Rice University sophomore takes on creationism laws
January 25, 2013 Houston Chronicle by By Erin Mulvaney
Rice University sophomore Zack Kopplin says he has been called the Antichrist, a godless liberal and, bizarrely, the cause of Hurricane Katrina.
Kopplin, 19, has gained notoriety for championing the fight against his home state of Louisiana’s 2008 law that made it easier for teachers to introduce creationist textbooks into classrooms.
At a time when conventional wisdom has it that teenagers are disinterested in public policy, Kopplin is anything but apathetic and seems to relish a fight. The student activist has faced off against Louisiana state lawmakers and Republican presidential hopeful Rick Santorum, and has appeared on national news networks leading the charge against the of use religion in public school classrooms.
“Science has nothing to do with religion; they operate on different planes,” contended Kopplin.
A school voucher foe
Now Kopplin, a history major who is taking a full course load this semester, is preparing to fight state Sen. Dan Patrick’s effort to allow school vouchers in Texas. Patrick, R-Houston, is a strong supporter of school vouchers, which would allow tax money to flow to private and religious schools.
During a hearing last year of the Senate Education Committee, Kopplin voiced his concerns that Louisiana’s voucher program allowed the teaching of anti-evolution material.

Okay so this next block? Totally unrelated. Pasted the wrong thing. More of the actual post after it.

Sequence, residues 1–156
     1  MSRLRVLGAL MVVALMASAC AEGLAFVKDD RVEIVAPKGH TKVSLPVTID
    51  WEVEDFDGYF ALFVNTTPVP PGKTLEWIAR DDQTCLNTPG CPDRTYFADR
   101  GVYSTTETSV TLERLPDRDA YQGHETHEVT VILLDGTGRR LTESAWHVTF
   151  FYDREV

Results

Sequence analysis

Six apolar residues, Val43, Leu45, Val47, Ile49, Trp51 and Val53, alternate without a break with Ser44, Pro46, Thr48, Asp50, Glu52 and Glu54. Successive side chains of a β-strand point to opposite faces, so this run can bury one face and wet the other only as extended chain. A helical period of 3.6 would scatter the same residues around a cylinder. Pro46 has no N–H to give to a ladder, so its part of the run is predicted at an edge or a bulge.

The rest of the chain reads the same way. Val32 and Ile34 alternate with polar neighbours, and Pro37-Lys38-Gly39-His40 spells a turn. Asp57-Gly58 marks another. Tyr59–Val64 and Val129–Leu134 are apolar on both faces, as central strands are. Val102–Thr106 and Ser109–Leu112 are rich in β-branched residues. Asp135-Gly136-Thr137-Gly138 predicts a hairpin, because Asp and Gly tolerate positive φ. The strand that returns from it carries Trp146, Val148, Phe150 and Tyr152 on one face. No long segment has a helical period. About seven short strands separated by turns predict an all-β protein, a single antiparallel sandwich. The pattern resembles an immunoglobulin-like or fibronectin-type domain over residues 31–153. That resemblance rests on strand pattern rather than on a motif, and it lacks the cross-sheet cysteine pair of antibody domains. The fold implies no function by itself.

The Baton Rouge native comes by his interest in politics naturally. His father is first deputy mayor of New Orleans. As a child he was obsessed with the Scopes trial on evolution.
As a high school senior he launched a project to repeal the 2008 Louisiana Science Education Act. The law allows teachers to use supplemental materials when teaching subjects such as evolution and climate change.
“We should be teaching our kids good science,” he said.
Kopplin dismisses criticism that he is “just a kid” or merely parroting the views of his parents or liberal professors. Others credit him for taking a leading role in spearheading opposition to the Louisiana law.
When he first sought to repeal the law, Southeastern Louisiana University philosophy professor Barbara Forrest helped Kopplin make connections in the science world. She said he spearheaded the effort in 2011 to repeal the law, which she warned him was an uphill battle.
‘Puts adults to shame’
Still, when the Louisiana Board of Elementary and Secondary Education voted to keep its science-based textbooks in 2010, after Kopplin joined a group pushing for the effort, he called it the “largest victory for science that Louisiana has had for eight years.” The Baton Rouge Advocate suggested at the time he was, “the newest giant-killer in state education policy.”
“What he’s doing puts adults to shame. The takeaway is where are the adults? Where are the scientists? Where is the business community?” Forrest said. “These communities should be embarrassed for a young person to take on this load.”
After several years of fighting to repeal the law, the soft-spoken teenager realizes the odds were against him. “Most of the work is going to fail,” he conceded. “You get the lucky break and keep doing work until you get another lucky break.”